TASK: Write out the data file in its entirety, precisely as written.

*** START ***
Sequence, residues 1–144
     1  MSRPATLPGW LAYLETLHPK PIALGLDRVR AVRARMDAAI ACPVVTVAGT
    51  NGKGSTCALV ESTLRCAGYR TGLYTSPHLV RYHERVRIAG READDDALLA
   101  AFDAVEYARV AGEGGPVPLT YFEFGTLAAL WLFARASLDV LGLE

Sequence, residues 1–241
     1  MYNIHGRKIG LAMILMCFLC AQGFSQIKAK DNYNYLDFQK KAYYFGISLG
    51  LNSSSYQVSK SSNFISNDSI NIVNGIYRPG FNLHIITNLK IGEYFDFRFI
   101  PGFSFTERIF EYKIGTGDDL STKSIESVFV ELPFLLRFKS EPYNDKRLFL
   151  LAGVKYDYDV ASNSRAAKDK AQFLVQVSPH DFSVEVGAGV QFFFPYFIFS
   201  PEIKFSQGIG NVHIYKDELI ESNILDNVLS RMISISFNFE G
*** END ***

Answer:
Sequence, residues 1–144
     1  MSRPATLPGW LAYLETLHPK PIALGLDRVR AVRARMDAAI ACPVVTVAGT
    51  NGKGSTCALV ESTLRCAGYR TGLYTSPHLV RYHERVRIAG READDDALLA
   101  AFDAVEYARV AGEGGPVPLT YFEFGTLAAL WLFARASLDV LGLE

Sequence, residues 1–241
     1  MYNIHGRKIG LAMILMCFLC AQGFSQIKAK DNYNYLDFQK KAYYFGISLG
    51  LNSSSYQVSK SSNFISNDSI NIVNGIYRPG FNLHIITNLK IGEYFDFRFI
   101  PGFSFTERIF EYKIGTGDDL STKSIESVFV ELPFLLRFKS EPYNDKRLFL
   151  LAGVKYDYDV ASNSRAAKDK AQFLVQVSPH DFSVEVGAGV QFFFPYFIFS
   201  PEIKFSQGIG NVHIYKDELI ESNILDNVLS RMISISFNFE G